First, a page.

Rwanda will for the first time take over the Chairmanship of the East African Audit Commission, the Deputy Auditor General; Obadiah Biraro has said.
Biraro exclusively told The New Times that the development comes under article 134 of the East African Community Treaty which among others provides for an independent audit committee that would audit all the federation’s organs.
He said that when it’s the turn of a particular country to head the commission, it is this country that audits the organs assisted by auditors from two countries.
Upon being chosen, the three countries are required to audit all the organs of the EAC federation and present reports to the federation’s legislative assembly.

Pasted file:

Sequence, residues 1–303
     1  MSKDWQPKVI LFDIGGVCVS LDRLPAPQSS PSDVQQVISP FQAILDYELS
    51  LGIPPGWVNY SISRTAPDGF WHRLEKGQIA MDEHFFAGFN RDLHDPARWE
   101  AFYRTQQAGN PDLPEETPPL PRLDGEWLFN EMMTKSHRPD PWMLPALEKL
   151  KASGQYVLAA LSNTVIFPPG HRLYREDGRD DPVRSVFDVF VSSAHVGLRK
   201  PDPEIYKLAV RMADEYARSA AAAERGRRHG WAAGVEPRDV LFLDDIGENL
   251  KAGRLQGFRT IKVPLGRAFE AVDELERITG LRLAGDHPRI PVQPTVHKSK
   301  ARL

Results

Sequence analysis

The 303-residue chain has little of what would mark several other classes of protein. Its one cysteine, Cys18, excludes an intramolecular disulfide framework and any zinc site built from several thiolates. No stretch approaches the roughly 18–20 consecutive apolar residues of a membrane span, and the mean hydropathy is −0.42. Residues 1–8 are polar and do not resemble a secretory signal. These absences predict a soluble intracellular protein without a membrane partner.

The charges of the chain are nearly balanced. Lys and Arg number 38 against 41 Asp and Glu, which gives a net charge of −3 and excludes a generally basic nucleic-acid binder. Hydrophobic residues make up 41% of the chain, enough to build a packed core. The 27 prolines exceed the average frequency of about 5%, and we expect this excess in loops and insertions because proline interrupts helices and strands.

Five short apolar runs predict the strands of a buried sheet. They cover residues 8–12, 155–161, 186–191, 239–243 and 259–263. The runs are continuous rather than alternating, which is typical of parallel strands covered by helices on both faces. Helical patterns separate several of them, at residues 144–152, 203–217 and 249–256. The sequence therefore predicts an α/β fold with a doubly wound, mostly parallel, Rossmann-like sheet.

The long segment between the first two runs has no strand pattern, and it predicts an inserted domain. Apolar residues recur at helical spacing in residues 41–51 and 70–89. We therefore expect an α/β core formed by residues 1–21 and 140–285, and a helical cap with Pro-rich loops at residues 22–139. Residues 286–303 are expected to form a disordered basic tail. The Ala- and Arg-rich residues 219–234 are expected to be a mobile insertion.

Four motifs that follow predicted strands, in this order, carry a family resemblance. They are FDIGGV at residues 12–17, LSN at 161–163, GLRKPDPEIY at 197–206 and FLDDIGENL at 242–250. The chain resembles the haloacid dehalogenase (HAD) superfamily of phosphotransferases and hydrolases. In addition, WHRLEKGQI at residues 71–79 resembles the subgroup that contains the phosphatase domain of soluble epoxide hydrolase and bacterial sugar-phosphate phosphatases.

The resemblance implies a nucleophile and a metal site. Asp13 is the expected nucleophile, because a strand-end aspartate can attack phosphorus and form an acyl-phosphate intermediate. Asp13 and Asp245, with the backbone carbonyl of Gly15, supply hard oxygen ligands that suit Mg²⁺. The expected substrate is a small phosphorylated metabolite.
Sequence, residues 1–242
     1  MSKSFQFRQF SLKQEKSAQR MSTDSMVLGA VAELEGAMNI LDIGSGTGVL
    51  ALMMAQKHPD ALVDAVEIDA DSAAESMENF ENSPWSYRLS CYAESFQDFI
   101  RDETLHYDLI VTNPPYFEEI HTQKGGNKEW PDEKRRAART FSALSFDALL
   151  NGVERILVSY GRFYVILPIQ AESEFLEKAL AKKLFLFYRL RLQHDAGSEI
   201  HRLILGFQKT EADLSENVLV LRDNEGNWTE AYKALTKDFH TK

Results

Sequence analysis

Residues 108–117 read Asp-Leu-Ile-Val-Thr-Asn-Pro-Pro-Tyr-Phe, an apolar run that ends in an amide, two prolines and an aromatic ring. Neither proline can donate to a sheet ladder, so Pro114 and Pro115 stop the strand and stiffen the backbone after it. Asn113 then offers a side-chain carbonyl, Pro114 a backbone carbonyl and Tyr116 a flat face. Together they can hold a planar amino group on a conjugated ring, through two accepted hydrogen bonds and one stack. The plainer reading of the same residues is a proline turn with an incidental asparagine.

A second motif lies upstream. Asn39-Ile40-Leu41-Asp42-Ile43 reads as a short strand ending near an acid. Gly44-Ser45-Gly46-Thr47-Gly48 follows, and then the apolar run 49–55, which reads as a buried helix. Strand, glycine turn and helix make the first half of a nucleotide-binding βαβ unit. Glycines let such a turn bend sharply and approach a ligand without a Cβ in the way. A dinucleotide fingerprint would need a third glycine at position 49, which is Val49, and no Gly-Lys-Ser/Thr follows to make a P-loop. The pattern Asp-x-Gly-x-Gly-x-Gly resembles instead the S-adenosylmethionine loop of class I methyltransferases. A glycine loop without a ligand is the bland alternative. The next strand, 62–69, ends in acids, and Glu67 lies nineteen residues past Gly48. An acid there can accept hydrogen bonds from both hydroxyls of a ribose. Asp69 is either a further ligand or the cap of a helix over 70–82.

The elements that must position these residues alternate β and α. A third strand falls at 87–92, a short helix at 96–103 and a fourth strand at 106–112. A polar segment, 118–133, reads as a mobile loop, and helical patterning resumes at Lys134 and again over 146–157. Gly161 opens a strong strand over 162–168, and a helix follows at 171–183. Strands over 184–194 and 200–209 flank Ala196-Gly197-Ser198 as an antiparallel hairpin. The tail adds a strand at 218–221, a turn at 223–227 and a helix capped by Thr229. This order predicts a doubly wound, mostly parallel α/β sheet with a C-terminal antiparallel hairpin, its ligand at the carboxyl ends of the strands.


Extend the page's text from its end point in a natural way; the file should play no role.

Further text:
Currently, the Chairmanship is held by Tanzania, with assistance from Rwanda and Burundi. Upon taking over, Rwanda will be assisted by Kenya and Burundi.
Asked how Rwanda would benefit from holding the Chairmanship, Biraro explained that since his office joined the Commission two years ago, it has a lot to offer and also learn from their colleagues.
“We are taking there our capability by giving them the expertise of our Auditor General, Director and senior auditors. The trust bestowed upon us by the East African Legislative Assembly and the Commission will be used to improve and also learn from the financial management of the EAC organs,” he said.
Biraro added that his office had the potential to do much better, if its capacity was boosted.
“We have potential to do even way better than we are right now, but we are hindered by lack of enough capacity,” he said
The Auditor General’s Office officially started presenting their annual findings in 2003 and could at that time only audit 46 institutions as compared to the 110 that were audited last year.